Art Basel

Art Basel

13 - 16 June 2019


For Art Basel 2019, Stephen Friedman Gallery (Hall 2.1, Booth K4) presents a selection of artists including Mamma Andersson, Melvin Edwards, Andreas Eriksson, Denzil Forrester, Tom Friedman, Wayne Gonzales, Jim Hodges, Deborah Roberts, Yinka Shonibare CBE, Jiro Takamatsu, Kehinde Wiley and Luiz Zerbini. The gallery also exhibits a participatory installation by Brazilian artist Rivane Neuenschwander in Art Basel Unlimited.


For Art Basel 2019, Stephen Friedman Gallery (Hall 2.1, Booth K4) presents a selection of artists including Mamma Andersson, Melvin Edwards, Andreas Eriksson, Denzil Forrester, Tom Friedman, Wayne Gonzales, Jim Hodges, Deborah Roberts, Yinka Shonibare CBE, Jiro Takamatsu, Kehinde Wiley and Luiz Zerbini. The gallery also exhibits a participatory installation by Brazilian artist Rivane Neuenschwander in Art Basel Unlimited.

‘The Blank Memories Always Open From The South' is an important and early large-scale painting by Swedish artist Mamma Andersson. Capturing the intensity of the Nordic countryside, the work depicts an imagined landscape that features a row of mysterious architectural structures on the edge of a vast body of water. In 2018, Andersson had a solo exhibition at Contemporary Arts Center, Cincinnati, was awarded the 11th Guerlain Drawing Prize, and curated a major group exhibition as part of the 33rd Bienal de São Paulo.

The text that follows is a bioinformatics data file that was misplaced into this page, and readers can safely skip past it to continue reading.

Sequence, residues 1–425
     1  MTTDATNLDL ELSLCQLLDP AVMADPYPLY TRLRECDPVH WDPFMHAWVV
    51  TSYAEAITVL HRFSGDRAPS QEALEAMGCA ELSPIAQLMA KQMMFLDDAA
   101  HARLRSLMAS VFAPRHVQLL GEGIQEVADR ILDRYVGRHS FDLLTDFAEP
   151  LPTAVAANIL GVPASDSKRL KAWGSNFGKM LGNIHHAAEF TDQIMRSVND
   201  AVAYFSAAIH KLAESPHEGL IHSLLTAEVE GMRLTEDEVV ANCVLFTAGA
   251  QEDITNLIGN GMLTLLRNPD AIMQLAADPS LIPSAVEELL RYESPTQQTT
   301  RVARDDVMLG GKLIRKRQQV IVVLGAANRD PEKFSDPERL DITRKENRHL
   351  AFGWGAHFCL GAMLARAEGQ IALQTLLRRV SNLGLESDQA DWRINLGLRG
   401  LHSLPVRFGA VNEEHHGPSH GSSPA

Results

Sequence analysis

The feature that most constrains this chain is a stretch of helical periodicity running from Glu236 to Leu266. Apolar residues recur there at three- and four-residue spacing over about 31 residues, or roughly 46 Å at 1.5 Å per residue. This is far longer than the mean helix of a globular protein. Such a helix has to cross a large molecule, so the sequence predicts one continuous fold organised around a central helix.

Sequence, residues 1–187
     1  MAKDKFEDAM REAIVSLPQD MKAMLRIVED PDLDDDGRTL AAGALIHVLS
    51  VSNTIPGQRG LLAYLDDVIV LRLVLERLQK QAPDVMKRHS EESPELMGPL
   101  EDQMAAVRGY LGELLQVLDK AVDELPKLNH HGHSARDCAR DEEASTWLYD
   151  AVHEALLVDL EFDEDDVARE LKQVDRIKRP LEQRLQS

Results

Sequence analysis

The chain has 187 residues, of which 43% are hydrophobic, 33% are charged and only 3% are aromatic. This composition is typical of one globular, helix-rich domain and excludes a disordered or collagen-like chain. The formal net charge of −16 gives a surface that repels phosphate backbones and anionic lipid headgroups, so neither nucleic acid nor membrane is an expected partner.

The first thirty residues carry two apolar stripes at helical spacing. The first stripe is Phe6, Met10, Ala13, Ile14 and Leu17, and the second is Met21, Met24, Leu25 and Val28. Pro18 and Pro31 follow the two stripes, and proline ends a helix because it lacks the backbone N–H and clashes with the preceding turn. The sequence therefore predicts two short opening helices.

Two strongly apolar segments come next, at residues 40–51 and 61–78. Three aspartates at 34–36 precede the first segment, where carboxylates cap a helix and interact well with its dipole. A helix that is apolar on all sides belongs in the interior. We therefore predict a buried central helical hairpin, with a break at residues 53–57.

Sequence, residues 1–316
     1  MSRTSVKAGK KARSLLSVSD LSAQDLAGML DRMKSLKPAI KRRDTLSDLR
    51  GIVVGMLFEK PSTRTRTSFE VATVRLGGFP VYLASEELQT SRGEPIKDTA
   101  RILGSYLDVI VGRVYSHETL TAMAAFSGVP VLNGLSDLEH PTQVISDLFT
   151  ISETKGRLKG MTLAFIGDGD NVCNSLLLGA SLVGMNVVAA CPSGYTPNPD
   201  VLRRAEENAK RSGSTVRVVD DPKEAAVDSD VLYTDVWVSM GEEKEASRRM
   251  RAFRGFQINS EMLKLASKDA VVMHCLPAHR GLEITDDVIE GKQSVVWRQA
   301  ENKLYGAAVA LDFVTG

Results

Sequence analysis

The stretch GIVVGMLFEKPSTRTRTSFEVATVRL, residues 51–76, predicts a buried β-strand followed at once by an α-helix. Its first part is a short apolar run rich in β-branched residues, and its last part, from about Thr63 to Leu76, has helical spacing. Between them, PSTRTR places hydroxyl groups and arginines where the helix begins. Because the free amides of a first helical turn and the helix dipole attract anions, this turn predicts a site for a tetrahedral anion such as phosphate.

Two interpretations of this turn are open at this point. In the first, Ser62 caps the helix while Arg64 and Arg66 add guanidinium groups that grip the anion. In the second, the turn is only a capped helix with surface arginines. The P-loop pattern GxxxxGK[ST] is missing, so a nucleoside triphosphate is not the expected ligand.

‘Pamberi' forms part of African-American artist Melvin Edwards' notable ‘Rocker' series. Begun in the 1970s, this ongoing body of work is inspired by the memory of his grandmother Coco's rocking chair. Executed in steel, ‘Pamberi' rests on a base comprised of two large hemispheres and creates a graceful rocking motion when pushed. The title translates roughly to ‘forward' and was used as a political slogan in Zimbabwe in the period leading up to the country's independence. Edwards will have a solo exhibition at The Baltimore Museum of Art in September 2019.

A new series of paintings by Swedish artist Andreas Eriksson engages with nature and ephemerality. Working deep in the Swedish countryside, Eriksson's strength lies in his ability to elicit a palpable sense of place. His paintings reveal stark combinations of colour and texture; thinly applied fields of paint sit alongside pronounced areas of thick impasto, resembling both organic forms and aerial, topographical views.